September 8, 2010
Base station antennas get no respect. In fact, they rarely get any attention, except when the occasional citizen shows up at a zoning board hearing to protest a tower application.
But as detailed in a new research report from Heavy Reading 4G/LTE Insider, "LTE & WiMax Antennas: Market Outlook," that obscurity could change with Long Term Evolution (LTE) and WiMax, if only because more antennas will be required. To make good on 4G's promise of super-fast speeds – several Mbit/s today and up to 300 Mbit/s down the road – LTE and WiMax networks will need a strong signal and ample capacity, indoors and out. That requires a higher density of antennas, whether they are panels atop a tower or distributed antenna systems (DAS) down at street level on a lamp post.
With some operators, such as Clearwire LLC (Nasdaq: CLWR), already marketing 4G services as viable alternatives to cable broadband and DSL, indoor coverage will be more important than ever. "I think LTE is putting indoor planning on par with outdoor planning," says Matt Melester, VP and general manager of the DAS business unit at CommScope Inc. .
High speeds also require greater manipulation of signals, going beyond such common techniques as downtilting and receive diversity and into new ones, like beamforming and multiple-input/ multiple-output (MIMO). But keep in mind that, although antennas play an important role in beamforming and MIMO, the majority of the "smarts" in these smart antenna techniques reside in the base station rather than the antennas.
MIMO and beamforming are more than just additional antennas. The performance and financial benefits depend mainly on what the base station does with those antennas.
For all of 4G's new antenna technologies and products, some things never change. For example, when comparing and selecting antennas, two criteria that have not changed since 2G are size and weight, which affect whether a set can be safely added to a tower – or whether they can be added at all, in the case of a crowded urban site. The faster an LTE or WiMax operator can acquire sites, the faster it can build out its network enough to offer coverage on par with 3G, thus improving its network's market appeal and revenue potential.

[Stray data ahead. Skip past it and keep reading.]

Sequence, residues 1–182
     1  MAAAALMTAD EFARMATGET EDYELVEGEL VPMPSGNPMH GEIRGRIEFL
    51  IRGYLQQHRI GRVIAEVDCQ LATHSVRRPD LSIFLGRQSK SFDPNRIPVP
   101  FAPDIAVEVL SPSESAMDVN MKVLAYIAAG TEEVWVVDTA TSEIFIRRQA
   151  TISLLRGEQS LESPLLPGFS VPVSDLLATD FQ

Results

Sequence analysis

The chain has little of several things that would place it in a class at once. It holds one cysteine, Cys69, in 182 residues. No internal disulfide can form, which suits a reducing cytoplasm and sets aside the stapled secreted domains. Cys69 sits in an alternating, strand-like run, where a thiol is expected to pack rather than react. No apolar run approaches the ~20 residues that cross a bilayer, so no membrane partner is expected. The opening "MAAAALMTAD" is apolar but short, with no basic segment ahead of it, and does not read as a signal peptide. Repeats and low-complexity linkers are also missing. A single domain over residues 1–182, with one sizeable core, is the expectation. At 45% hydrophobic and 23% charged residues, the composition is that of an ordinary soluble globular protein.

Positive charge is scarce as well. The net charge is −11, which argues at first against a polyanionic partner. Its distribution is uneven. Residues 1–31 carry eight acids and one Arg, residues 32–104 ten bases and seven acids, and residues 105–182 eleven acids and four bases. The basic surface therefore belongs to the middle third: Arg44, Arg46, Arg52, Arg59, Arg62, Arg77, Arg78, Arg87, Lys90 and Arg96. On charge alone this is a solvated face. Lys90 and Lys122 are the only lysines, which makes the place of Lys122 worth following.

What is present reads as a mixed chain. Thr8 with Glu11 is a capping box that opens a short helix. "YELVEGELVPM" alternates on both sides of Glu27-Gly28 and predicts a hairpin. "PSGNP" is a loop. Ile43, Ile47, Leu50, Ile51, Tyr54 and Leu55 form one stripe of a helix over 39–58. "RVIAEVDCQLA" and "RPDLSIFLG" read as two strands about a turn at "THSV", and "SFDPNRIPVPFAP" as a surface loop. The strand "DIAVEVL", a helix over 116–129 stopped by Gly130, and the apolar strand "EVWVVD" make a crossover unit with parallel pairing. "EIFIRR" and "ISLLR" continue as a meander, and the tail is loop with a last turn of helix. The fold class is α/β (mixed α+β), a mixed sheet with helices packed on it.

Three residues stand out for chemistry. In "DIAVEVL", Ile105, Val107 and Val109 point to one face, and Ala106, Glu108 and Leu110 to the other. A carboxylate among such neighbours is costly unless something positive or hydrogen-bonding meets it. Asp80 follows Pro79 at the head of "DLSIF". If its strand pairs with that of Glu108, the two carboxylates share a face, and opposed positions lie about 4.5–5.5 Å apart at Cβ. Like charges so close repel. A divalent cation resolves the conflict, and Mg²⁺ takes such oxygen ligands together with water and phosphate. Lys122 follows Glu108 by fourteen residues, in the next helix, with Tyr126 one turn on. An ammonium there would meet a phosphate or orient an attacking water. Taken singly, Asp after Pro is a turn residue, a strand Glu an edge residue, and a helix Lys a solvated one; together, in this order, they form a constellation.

Size and weight also affect tower companies' lease fees, which are helping to drive the market for broadband antennas that can support several bands and technologies in a single unit, such as LTE at 700MHz and CDMA at 800MHz. At the same time, operators often look for broadband antennas that let them optimize each band and technology separately to meet each technology's coverage and capacity targets.
This option is important because it will take years for LTE and WiMax operators to build out their networks, so most of their customers will be relying on 3G as a fallback in areas that have not been upgraded to 4G. That means that 4G antenna optimization and performance cannot come at the expense of 3G antennas.
Some operators say they are willing to pay a premium for antennas that are compact, light, or that combine multiple bands because the upfront capex is outweighed by the opex savings.
"I'd rather pay twice as much for an antenna that's going to let me use two [base station] sources," says Jeff Thompson, CEO of Towerstream Corp. (Nasdaq: TWER), a WiMax operator. "That's basically like having two antennas in one device. I'll pay twice, and maybe even three or four times, for that antenna one time as a capex, and hopefully not have to pay double that for my roof rights for 15 years. It's a really easy financial drill."
With so many operators deploying or committed to LTE and WiMax, the market for antennas and related products will enjoy strong growth over the next five years. In the case of LTE, although the boom is in developed markets, such as Western Europe and North America, there will be a loud echo afterward as operators in developing markets start upgrading from 3G.
The market for antennas and related products is not limited to operators; there are several other segments. For example, in WiMax, many existing networks are owned by municipalities and utility companies. "Their numbers add up if you start adding up all of these small players," says Quaid Rasheed, WiMax product director at Laird .
There are also a growing number of operators' operators of varying sizes. At one extreme is Harbinger Capital Partners LP , which is building a hybrid satellite-LTE network that would cover roughly 100 percent of the US population. At the other is Full Stream Wireless, a startup that plans to launch this fall in Columbia, Mo., and sell wholesale WiMax access to local ISPs and other service providers.
But a big market also means plenty of competition. Vendors say pricing pressure is significant. Some of that pressure is coming from low-cost Asian vendors, and some is coming from operators. "What I hear from operators is that they've had to become very serious about lowering their costs one way or the other and being very competitive in order to hold or gain [market] share," one vendor says privately.
Pricing pressure in 4G is also partly an extension of a trend that began a few years ago – another example of how the more things change, the more they sometimes remain the same.
"The established [vendor] players were very, very much under threat of market-share attacks from the lower-cost providers," says one vendor. "They seem to have responded from a pricing standpoint."
— Tim Kridel, Contributing Analyst, 4G/LTE Insider
This report,"LTE & WiMax Antennas: Market Outlook," is available as part of an annual subscription (6 issues per year) to Heavy Reading 4G/LTE Insider, priced at $1,595. Individual reports are available for $900. To subscribe, please visit: www.heavyreading.com/4glte.
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